As we travel the roads of Albert County by car or truck--not by train, as you could at one time in the late 1870s--we can take Route 895 down the hill by the old cemetery into the community of Elgin. Regardless of which entry we take, we go down to the village, which at one time was a very bustling community.
How did Elgin get its name? Elgin was named in honour of James Bruce, the 8th Earl of Elgin, (1811-1862) who was the Governor General of Canada from 1846-1854. Did the Earl ever visit the Elgin area or was that name, probably along with other suggestions, chosen at the Shiretown at Hopewell Cape?
Albert County was so named in honour of the Prince Consort. Many people know about Gordon Falls in Elgin, but how did that name come about? Originally called Pollett River Falls, they were re-named after Arthur Hamilton Gordon, the Lieutenant Governor of New Brunswick, who visited in 1864.
How did Elgin begin? The first settler was John Gildart (Geldart) in 1812, who was 32 at the time. He had emigrated from Yorkshire, England, in 1811. He probably came up the river by canoe or perhaps on a trail by horseback. In those days, canoes were made from hollowed pine trees wide enough to lay a barrel of flour endwise across them. I wonder if he reached the falls and gorge, turned back a short distance because of the terrain, then picked a spot at the base of what is now Gowland Mountain. At that time, it was dense forest with immense trees. (On my grandfather's farm, one board on the woodhouse door is 36" wide.)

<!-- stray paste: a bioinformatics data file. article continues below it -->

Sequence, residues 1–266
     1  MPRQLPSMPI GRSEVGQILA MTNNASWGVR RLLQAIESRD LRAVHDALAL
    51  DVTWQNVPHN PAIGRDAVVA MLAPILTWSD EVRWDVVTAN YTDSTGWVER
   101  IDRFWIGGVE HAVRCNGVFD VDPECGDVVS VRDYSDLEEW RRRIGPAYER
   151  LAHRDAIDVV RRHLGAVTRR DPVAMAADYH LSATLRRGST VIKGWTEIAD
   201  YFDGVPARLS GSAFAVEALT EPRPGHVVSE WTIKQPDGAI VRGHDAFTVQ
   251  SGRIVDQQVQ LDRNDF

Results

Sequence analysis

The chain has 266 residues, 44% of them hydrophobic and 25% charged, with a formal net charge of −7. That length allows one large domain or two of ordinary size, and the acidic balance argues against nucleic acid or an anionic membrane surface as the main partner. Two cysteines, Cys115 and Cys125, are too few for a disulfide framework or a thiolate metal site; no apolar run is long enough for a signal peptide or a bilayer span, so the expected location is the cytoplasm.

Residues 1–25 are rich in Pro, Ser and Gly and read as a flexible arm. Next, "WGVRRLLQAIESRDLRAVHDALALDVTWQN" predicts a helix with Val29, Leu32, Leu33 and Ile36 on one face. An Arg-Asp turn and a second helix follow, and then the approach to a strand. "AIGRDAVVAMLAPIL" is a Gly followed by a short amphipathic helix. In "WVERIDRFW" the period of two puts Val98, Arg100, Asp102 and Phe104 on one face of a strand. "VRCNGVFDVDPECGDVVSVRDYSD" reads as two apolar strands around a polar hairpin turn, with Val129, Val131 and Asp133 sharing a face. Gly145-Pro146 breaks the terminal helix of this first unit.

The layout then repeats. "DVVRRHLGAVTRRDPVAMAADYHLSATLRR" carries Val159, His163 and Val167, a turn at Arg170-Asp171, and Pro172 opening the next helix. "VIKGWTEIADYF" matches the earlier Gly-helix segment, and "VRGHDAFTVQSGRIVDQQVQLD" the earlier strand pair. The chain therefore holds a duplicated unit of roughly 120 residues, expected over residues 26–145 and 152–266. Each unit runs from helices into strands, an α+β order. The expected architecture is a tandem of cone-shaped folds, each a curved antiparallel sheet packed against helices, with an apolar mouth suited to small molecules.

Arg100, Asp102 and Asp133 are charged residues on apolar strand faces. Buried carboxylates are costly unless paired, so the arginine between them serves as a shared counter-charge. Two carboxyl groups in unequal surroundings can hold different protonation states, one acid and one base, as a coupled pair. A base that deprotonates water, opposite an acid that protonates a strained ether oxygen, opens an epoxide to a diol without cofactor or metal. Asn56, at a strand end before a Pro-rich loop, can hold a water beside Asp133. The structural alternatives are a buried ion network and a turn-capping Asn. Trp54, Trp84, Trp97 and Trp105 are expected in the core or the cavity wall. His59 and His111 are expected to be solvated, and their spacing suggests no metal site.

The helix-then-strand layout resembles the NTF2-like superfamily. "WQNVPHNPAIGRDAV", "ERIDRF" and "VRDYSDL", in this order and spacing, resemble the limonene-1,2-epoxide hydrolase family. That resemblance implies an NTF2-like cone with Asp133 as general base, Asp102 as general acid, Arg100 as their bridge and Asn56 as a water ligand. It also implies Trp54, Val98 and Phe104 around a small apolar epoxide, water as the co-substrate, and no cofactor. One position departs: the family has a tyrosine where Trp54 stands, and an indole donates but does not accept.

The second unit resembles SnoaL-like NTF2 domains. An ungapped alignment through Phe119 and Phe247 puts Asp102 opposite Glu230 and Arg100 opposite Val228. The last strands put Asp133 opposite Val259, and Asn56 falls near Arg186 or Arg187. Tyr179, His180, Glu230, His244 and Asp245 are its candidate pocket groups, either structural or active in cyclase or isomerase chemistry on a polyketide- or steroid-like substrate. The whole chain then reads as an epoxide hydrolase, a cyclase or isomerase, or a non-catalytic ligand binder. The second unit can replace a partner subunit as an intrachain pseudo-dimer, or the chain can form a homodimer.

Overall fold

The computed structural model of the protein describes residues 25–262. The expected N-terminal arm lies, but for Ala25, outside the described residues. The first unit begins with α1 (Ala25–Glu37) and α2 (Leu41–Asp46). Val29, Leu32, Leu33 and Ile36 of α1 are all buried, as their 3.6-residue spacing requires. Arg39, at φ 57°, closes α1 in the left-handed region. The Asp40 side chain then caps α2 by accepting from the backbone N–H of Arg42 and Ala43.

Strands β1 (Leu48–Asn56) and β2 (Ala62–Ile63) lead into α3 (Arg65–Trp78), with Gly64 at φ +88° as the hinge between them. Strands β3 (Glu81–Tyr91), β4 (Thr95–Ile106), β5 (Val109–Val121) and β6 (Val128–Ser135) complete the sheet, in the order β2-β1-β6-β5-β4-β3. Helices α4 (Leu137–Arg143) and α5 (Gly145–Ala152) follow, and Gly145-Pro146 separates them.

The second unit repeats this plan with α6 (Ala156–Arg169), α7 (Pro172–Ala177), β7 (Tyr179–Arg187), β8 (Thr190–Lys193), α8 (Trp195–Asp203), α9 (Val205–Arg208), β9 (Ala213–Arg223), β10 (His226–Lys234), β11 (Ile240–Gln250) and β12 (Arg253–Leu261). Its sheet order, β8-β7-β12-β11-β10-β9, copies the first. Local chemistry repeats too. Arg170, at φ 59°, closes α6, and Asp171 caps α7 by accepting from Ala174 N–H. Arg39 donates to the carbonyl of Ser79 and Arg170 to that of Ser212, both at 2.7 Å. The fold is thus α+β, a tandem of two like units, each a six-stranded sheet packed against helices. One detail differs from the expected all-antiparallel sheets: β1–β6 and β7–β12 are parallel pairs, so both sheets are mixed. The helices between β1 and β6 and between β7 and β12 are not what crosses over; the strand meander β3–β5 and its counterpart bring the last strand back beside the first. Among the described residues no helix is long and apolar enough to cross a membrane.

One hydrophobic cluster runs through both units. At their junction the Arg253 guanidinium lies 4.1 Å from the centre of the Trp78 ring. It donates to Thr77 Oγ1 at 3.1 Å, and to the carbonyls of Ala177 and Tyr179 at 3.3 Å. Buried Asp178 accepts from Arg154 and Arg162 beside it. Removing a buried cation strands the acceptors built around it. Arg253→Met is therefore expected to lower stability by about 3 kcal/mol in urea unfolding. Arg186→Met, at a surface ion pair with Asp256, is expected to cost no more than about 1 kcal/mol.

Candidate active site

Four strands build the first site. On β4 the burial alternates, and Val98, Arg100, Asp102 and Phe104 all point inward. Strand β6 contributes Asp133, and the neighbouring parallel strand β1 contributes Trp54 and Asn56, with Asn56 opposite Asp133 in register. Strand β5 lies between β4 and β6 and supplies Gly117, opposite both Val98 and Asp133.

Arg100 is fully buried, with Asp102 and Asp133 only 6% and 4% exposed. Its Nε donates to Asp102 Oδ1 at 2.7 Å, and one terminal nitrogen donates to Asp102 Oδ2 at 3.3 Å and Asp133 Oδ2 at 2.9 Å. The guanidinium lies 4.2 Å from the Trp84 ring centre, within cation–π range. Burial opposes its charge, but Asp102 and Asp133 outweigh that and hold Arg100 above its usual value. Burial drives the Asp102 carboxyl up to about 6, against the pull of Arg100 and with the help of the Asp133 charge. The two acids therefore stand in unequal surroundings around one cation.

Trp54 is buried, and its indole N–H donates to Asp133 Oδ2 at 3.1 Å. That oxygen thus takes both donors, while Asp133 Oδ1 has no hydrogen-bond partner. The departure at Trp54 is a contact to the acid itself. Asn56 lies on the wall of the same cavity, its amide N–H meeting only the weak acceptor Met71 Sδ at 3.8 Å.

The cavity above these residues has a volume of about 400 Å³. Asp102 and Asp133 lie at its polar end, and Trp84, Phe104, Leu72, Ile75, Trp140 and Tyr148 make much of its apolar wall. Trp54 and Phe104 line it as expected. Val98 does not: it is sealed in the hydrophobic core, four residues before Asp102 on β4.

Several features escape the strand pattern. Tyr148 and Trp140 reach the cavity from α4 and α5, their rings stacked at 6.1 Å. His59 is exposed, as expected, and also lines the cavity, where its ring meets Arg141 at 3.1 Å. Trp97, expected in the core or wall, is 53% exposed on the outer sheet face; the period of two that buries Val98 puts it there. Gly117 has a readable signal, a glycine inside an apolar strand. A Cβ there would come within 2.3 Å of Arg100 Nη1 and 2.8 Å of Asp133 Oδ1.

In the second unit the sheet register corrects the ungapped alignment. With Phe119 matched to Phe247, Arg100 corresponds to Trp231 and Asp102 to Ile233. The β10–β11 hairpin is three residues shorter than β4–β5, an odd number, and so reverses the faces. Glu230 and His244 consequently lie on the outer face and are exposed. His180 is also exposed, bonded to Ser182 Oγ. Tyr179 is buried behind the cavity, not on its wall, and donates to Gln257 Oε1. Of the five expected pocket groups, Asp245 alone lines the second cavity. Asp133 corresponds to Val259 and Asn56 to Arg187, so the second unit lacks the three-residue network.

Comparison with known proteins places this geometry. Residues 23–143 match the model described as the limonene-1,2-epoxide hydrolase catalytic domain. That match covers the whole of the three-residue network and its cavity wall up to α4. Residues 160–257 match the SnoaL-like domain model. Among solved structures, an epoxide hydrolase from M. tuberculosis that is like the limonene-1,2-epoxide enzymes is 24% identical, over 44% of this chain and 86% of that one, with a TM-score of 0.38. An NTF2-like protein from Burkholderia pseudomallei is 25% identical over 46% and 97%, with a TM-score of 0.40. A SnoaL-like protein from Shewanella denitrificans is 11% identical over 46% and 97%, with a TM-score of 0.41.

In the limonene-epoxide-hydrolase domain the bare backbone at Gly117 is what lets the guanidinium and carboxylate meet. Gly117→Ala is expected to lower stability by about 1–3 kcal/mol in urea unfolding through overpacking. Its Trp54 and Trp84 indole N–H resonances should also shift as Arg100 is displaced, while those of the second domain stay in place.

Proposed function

I am sure Gildart would have noted a lot of wildlife and fish. I picture him coming ashore at a small meadow and wonder how he marked the place that he hoped to return to and start his farm. Here was land by the river, a good source of water, with many possibilities to expand with plenty of resources, and no neighbours encroaching. (I don't think his wife would be so impressed, though!) He could spread out in any direction and the land looked good for crops.
He returned to build his house and, later still, sent for his family. He and his wife, Elizabeth Mary Lutz, according to the 1851 Elgin Parish Census, had children born 1810, 1812 and 1815.
What was John's occupation in England? Did he build his home by himself? Robert Smith, also from England, arrived the next year in Elgin and settled near John. Perhaps they worked together on his house and Smith decided to join his friend in this land of opportunity. We don't know.
Pioneers had to help each other out because life was hard with only hand tools to clear land and plant crops. How did he begin farming - a colt and calf perhaps brought up the river on a raft? Did he make a trail through the woods when they couldn't travel by water? Did they have any contact with the Mi’kmaq? A few miles distant there was a portage over the hills in Portage Vale and that is how it got its name.
The pioneers survived, persevered and many prospered. We don't find other settlers mentioned until 1825 when Frank Gray and Robert Colpitts arrived at the settlement. Robert Colpitts was a pioneer in making maple sugar in Albert County. In 1814, George Jonah moved from Hillsborough to what is now Portage Vale. In 1824, James Hayward was the first settler in Goshen, a very short distance away.
In the 1851 Census, John is 71 years old with the notation "sick and infirm." He died in 1854 at the age of 74. His wife, Elizabeth, was still living in 1861 at 87 years, which was very old in those days!
There is more to come about the history of Elgin. This article is subject to errors.
References: 1851 & 1861 Censuses; Memories of Yesterday,The History of Elgin by Marianne Steeves; Elgin Revisited by Alyssa Martin.